Happy Memorial Day
Like any worker, I am taking the day off, but I did include some nice links
Have a wonderful day. It’s summer, people. Things have got to get better.
What I do when you aren’t looking:
A bunch of us were assigned to think about what it means to put history on stage week before last, and we did this thing together in the New York Times. Me, Rutgers historian Erica Armstrong Dunbar (taking a break from being the histoircla consultant for the HBO show, The Gilded Age), director Diane Paulus, and theater critic Jesse Green all got in a Google doc with Jenny Schuessler of The New York Times. Schuessler herded all the cats, and edited the conversation. It was super fun—and I got cancelled at the end! But you’ll have to read it to see why. (May 27, 2022)
Jamelle Bouie, as always, locks onto the inanity of the Republican argument that we can’t regulate guns because “good guys” should have them to defend the rest of us. Problem is, guns are not legally sold on teh basis of whether a person is good or bad, or good and maybe becomes bad, or good and the gun gets into the hands of a bad person. “The most vociferous supporters of permissive gun laws seem to believe that an armed society will be, for the most part, self-regulating,” Bouie writes. “That we will be able to keep weapons out of the hands of the wrong people and insofar as we can’t, a law-abiding citizen will be there, with a gun, to stop the bad guys, whenever and wherever they appear. But people don’t exist on such a strict binary. And when we allow for the unlimited proliferation of weapons, we guarantee that when the switch flips, people will die.” (May 28, 2022)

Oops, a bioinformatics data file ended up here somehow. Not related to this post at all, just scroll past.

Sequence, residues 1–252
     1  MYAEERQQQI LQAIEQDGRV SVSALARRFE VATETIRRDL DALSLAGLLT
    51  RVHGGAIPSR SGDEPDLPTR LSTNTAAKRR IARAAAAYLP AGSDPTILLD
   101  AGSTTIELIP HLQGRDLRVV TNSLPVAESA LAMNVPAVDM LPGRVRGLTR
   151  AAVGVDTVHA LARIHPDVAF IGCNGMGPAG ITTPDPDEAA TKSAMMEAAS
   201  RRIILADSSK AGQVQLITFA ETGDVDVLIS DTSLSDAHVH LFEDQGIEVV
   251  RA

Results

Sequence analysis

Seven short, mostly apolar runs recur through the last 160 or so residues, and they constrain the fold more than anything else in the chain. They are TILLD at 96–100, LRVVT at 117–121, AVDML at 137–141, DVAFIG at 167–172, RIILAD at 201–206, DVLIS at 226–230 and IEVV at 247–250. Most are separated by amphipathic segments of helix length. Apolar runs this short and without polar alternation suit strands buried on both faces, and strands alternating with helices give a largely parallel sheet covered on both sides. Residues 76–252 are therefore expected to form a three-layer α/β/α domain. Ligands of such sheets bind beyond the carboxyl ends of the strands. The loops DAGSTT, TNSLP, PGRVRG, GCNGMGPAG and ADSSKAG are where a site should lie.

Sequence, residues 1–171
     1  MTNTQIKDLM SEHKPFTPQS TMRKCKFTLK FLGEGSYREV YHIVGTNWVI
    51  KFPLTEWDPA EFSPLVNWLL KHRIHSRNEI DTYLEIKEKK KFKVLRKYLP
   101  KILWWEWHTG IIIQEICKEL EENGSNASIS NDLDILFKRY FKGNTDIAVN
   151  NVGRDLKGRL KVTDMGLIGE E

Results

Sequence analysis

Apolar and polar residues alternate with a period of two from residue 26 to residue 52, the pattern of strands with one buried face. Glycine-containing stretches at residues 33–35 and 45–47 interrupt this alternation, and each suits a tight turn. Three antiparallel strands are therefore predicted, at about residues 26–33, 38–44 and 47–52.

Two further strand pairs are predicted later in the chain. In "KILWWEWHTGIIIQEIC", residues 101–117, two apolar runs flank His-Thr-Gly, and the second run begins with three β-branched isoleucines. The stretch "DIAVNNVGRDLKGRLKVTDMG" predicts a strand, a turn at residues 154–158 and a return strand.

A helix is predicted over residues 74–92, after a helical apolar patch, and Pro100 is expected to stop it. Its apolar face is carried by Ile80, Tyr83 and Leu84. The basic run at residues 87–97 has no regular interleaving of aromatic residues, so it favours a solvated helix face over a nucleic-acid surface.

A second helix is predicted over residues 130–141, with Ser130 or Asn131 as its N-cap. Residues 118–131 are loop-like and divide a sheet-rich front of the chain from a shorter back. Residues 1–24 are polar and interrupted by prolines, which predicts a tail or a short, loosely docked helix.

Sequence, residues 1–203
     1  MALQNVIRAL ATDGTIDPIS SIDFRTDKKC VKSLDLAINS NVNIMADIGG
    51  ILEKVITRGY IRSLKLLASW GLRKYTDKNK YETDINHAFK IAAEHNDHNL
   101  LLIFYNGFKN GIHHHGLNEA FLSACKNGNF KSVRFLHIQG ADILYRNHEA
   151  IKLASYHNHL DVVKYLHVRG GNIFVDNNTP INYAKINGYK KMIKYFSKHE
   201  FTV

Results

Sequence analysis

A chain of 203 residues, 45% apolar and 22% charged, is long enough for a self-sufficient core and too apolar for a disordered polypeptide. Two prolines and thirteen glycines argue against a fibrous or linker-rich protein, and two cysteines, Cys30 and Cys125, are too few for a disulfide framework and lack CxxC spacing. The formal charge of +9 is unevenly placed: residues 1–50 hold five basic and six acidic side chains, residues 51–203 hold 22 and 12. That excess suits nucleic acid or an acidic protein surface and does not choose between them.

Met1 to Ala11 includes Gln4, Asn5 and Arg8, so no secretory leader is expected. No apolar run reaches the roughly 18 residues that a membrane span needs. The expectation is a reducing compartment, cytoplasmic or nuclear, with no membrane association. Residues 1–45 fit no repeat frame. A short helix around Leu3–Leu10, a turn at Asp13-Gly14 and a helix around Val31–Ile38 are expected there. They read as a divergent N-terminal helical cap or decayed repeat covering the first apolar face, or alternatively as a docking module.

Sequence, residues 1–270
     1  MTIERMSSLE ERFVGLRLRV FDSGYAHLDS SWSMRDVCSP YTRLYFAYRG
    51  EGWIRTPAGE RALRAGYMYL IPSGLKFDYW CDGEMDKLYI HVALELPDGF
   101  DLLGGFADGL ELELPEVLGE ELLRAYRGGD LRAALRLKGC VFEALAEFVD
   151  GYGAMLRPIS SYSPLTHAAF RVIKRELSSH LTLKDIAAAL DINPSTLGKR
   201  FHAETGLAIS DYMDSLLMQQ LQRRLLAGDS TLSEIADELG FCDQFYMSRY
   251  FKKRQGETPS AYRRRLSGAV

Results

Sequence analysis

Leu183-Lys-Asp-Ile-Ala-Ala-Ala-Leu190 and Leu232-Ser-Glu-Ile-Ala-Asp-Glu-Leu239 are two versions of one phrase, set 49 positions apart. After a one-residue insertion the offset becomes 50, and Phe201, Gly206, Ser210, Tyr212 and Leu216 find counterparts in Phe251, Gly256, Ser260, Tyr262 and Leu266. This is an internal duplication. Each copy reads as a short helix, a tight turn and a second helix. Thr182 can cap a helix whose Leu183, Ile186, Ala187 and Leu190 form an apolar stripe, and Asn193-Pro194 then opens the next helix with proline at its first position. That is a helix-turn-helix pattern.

I don’t surf, but I have become hooked on William Finnegan’s journalism about surfing. In this longread about Kai Lenny, a young big wave surfer, you wil be introduced to the outer edges of the sport, and an astonishing athlete you do not know. But it’s also a lyrical essay about wild water and why people try to conquer it. “As waves get bigger, they get wildly more powerful. The difference of a few feet in height or thickness can mean the difference between a tough fall and a catastrophic beating,” Finnegan writes. “Big waves also move faster, so that just catching them calls for unusual skill and specialized equipment. Above fifteen or so feet, waves require a board known as a gun—longer and faster-paddling than a modern shortboard. Most surfers, including very good ones, make a point of not owning a gun, in the interest of avoiding poor choices.” (May 23, 2022)
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